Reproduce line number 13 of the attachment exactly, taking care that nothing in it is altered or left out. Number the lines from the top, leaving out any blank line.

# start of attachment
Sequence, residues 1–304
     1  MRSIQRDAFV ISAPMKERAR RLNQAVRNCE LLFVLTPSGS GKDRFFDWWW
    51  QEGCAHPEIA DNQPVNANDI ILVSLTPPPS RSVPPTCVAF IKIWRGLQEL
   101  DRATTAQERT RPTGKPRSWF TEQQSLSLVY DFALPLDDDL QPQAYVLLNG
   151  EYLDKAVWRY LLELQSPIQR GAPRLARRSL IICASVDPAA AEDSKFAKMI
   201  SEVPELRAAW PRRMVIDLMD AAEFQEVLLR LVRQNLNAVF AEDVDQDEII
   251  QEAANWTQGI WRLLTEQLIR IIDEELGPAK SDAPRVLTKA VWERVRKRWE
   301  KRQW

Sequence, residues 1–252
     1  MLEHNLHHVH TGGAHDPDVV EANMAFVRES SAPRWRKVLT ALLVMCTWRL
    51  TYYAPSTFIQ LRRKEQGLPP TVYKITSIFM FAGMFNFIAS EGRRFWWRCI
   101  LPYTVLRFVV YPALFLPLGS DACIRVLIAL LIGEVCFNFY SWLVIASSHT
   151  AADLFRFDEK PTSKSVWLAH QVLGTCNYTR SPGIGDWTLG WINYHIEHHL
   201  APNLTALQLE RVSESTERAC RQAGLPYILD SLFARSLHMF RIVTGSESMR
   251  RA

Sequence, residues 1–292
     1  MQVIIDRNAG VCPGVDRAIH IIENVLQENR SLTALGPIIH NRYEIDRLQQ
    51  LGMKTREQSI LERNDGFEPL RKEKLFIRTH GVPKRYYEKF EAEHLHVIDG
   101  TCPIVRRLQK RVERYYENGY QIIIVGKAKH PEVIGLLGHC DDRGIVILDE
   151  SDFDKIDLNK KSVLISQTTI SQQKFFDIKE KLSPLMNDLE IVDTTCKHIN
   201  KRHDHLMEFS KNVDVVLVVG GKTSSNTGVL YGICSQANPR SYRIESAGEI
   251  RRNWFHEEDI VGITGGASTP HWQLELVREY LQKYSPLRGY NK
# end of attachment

   151  AADLFRFDEK PTSKSVWLAH QVLGTCNYTR SPGIGDWTLG WINYHIEHHL